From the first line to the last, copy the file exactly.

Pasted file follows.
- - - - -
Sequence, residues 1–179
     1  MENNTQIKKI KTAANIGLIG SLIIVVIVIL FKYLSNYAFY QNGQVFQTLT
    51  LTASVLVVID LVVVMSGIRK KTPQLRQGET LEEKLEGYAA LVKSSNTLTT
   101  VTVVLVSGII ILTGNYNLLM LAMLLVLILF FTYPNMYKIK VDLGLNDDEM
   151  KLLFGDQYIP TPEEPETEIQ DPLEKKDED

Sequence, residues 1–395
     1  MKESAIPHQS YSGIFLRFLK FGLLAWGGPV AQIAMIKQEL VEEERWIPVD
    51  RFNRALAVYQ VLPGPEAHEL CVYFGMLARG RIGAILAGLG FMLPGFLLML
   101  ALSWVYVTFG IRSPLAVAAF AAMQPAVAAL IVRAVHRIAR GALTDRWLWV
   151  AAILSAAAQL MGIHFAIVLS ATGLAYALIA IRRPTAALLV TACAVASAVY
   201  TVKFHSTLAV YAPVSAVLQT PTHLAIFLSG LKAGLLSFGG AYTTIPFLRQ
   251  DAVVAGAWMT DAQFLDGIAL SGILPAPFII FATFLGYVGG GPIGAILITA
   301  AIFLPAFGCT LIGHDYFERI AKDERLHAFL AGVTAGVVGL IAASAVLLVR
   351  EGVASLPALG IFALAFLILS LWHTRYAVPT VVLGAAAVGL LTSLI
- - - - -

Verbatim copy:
Sequence, residues 1–179
     1  MENNTQIKKI KTAANIGLIG SLIIVVIVIL FKYLSNYAFY QNGQVFQTLT
    51  LTASVLVVID LVVVMSGIRK KTPQLRQGET LEEKLEGYAA LVKSSNTLTT
   101  VTVVLVSGII ILTGNYNLLM LAMLLVLILF FTYPNMYKIK VDLGLNDDEM
   151  KLLFGDQYIP TPEEPETEIQ DPLEKKDED

Sequence, residues 1–395
     1  MKESAIPHQS YSGIFLRFLK FGLLAWGGPV AQIAMIKQEL VEEERWIPVD
    51  RFNRALAVYQ VLPGPEAHEL CVYFGMLARG RIGAILAGLG FMLPGFLLML
   101  ALSWVYVTFG IRSPLAVAAF AAMQPAVAAL IVRAVHRIAR GALTDRWLWV
   151  AAILSAAAQL MGIHFAIVLS ATGLAYALIA IRRPTAALLV TACAVASAVY
   201  TVKFHSTLAV YAPVSAVLQT PTHLAIFLSG LKAGLLSFGG AYTTIPFLRQ
   251  DAVVAGAWMT DAQFLDGIAL SGILPAPFII FATFLGYVGG GPIGAILITA
   301  AIFLPAFGCT LIGHDYFERI AKDERLHAFL AGVTAGVVGL IAASAVLLVR
   351  EGVASLPALG IFALAFLILS LWHTRYAVPT VVLGAAAVGL LTSLI